Rory McIlroy won the Deutsche Bank Championship on Monday to claim his first PGA Tour title for 16 months, all that happening a week after he changed his putter and putting coach.

“I knew my game was in good shape, I just needed to do something with the putting,” said McIlroy. “I found something. I still need to keep going with it, it’s definitely not the finished article, but it’s a big step in the right direction.”

The Northern Irishman started six shots behind overnight leader Paul Casey, but seven birdies in a six-under-par 65 saw him finish two shots clear at 15 under. England’s Casey, 39, missed an eagle putt on the final hole at TPC Boston that would have forced a play-off. It was 27-year-old McIlroy’s first tournament win since the Irish Open in May and first PGA title since May 2015.

“I’m excited with how my game is and what I’ve found this week, and hopefully I can keep it going for the next couple of tournaments, but ultimately into the Ryder Cup.”

The Deutsche Bank Championship is the second of the four that make up the season-ending FedEx Cup. McIlroy will rise 34 places to fourth in the FedEx Cup standings – and nearer the $10m prize for the winner – as a result of his victory.

The competition features the top 100 players in the world. The leading 70 after last weekend progress to next week’s BMW Championship, where the field will be reduced to 30 for the Tour Championship on 22-25 September.

McIlroy’s immediate focus is on the BMW Championship, which started at Crooked Stick, Indiana, yesterday. Suddenly, a hitherto low-key year could end in the most positive of styles if he wins the FedEx Cup and the small matter of the Ryder Cup follows on September 30th.

“I feel excitement more than relief,” McIlroy said. “I wasn’t getting impatient, I wasn’t searching for things. I know I hadn’t won on the PGA Tour in a while but over the past 12 months I’ve still had three wins worldwide.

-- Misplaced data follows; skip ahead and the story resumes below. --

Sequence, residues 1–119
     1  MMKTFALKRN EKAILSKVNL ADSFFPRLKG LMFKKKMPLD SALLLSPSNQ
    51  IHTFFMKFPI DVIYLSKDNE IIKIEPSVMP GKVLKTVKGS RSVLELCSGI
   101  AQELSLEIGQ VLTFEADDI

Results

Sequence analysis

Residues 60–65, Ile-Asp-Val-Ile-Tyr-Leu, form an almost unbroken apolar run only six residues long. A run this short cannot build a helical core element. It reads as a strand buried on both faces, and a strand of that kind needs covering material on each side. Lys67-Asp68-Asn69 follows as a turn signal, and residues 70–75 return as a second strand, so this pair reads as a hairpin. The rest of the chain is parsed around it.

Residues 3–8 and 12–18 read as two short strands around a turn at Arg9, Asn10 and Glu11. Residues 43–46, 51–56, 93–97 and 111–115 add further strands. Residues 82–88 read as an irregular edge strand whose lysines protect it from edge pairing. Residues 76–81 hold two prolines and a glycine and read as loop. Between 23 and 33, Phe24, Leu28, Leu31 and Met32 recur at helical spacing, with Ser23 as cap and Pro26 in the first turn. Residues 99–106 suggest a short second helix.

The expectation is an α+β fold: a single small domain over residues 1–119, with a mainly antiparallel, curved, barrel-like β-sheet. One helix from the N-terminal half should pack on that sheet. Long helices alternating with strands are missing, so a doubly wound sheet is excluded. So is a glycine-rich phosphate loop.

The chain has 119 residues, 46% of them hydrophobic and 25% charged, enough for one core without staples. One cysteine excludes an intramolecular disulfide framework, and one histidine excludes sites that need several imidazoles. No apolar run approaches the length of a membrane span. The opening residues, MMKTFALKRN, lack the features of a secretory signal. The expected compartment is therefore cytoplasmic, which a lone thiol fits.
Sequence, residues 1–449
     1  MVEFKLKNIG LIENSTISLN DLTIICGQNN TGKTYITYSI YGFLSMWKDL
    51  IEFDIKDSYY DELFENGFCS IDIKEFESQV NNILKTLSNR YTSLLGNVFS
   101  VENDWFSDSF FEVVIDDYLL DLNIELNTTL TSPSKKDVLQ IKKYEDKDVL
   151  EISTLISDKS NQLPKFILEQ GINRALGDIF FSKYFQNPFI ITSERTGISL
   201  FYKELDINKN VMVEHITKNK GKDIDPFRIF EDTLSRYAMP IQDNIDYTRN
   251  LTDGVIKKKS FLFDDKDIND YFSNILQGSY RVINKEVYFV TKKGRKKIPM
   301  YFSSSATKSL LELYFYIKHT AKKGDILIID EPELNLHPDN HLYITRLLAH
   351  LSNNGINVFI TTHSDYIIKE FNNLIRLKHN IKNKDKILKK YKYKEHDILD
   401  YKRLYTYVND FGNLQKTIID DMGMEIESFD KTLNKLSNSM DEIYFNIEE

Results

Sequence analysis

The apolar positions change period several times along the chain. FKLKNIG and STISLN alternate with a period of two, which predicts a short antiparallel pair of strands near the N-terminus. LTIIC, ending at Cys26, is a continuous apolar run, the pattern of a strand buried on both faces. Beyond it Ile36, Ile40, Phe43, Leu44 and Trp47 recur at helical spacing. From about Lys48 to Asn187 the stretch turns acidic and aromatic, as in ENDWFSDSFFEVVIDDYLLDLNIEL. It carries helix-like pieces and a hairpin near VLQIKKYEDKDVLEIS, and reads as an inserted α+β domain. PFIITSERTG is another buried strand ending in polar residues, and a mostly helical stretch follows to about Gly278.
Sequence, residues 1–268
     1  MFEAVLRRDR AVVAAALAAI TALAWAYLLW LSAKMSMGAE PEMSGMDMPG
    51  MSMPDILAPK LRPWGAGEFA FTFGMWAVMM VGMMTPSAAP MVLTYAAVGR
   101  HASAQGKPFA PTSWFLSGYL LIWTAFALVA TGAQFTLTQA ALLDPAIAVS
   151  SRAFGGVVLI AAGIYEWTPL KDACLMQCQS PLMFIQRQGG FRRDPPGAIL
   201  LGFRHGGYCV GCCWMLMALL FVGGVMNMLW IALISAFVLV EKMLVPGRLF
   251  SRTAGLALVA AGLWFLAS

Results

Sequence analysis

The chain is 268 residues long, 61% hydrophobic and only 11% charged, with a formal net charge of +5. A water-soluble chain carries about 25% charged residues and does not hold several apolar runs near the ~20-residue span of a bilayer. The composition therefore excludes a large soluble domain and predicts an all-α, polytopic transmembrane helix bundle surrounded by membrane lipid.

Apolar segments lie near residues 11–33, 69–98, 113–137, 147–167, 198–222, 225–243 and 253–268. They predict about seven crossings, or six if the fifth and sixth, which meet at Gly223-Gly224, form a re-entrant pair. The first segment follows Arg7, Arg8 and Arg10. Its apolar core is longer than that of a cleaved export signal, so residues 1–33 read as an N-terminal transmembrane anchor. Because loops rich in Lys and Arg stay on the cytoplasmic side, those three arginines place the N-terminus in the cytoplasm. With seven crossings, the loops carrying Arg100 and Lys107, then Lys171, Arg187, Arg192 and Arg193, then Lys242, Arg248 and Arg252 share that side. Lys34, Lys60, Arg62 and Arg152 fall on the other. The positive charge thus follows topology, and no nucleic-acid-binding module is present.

“This was obviously the biggest of those three but I knew my game was in good shape, I just needed to do something with the putting. I found something. I still need to keep going with it. It’s definitely not the finished article but it’s a big step in the right direction.”

Phil Kenyon, who also tutors the Open champion Henrik Stenson, has recently taken on the role of McIlroy’s putting coach. “I looked at all the guys Phil works with and none of them looked the same,” McIlroy said. “They all putt differently, they all have their different mannerisms, so I knew Phil wasn’t going to have me get into a certain position I didn’t want to be in or felt uncomfortable with.”

“He was more: ‘You figure it out yourself a little bit, but this is what you need to do, this is where you need the putter to be at certain points in your stroke, and then just figure out a way to do it.’ He just lets us figure it out in our own ways and that’s the one thing I really liked about him.”

History is now on McIlroy’s side. When he last won the Deutsche Bank four years ago, he proceeded to lift another trophy at Crooked Stick. “The course may play a little bit different this year, it mightn’t be quite as wet and I know they made a few changes,” McIlroy said. “But it was a great leaderboard four years ago. Lee Westwood was up there, Tiger Woods, Phil Mickelson, Adam Scott. I remember a lot about that week, I have positive vibes going back there.”

McIlroy also chose Monday’s victory as a platform to hit out at critics of his gym routine and insisted that suggestions that he spends too much time working on his fitness are “unfair”.

The 27-year-old believes his workload in the gym has been “a big part of my success”, and he is adamant that keeping as fit as possible will keep him playing at the highest level for many years to come.

“I think when people make judgements or criticisms without being educated on the subject that they’re criticising, I think that’s like for me getting in the gym, for example, that’s my pet peeve. Someone that says to me you’re in the gym too much. The reason I play at such a high level, and hopefully will continue to play at a high level for the next 10 to 15 years, is because of the work I do in the gym. If I wasn’t in the gym, I wouldn’t be sitting here today. It’s a big part of who I am, it’s a big part of my success. That’s always I feel an unfair criticism.”

“But with my game, the critics and the analysts and everyone that are out there, they’re educated about golf, so they for the most part know what they’re talking about”, commented McIlroy.

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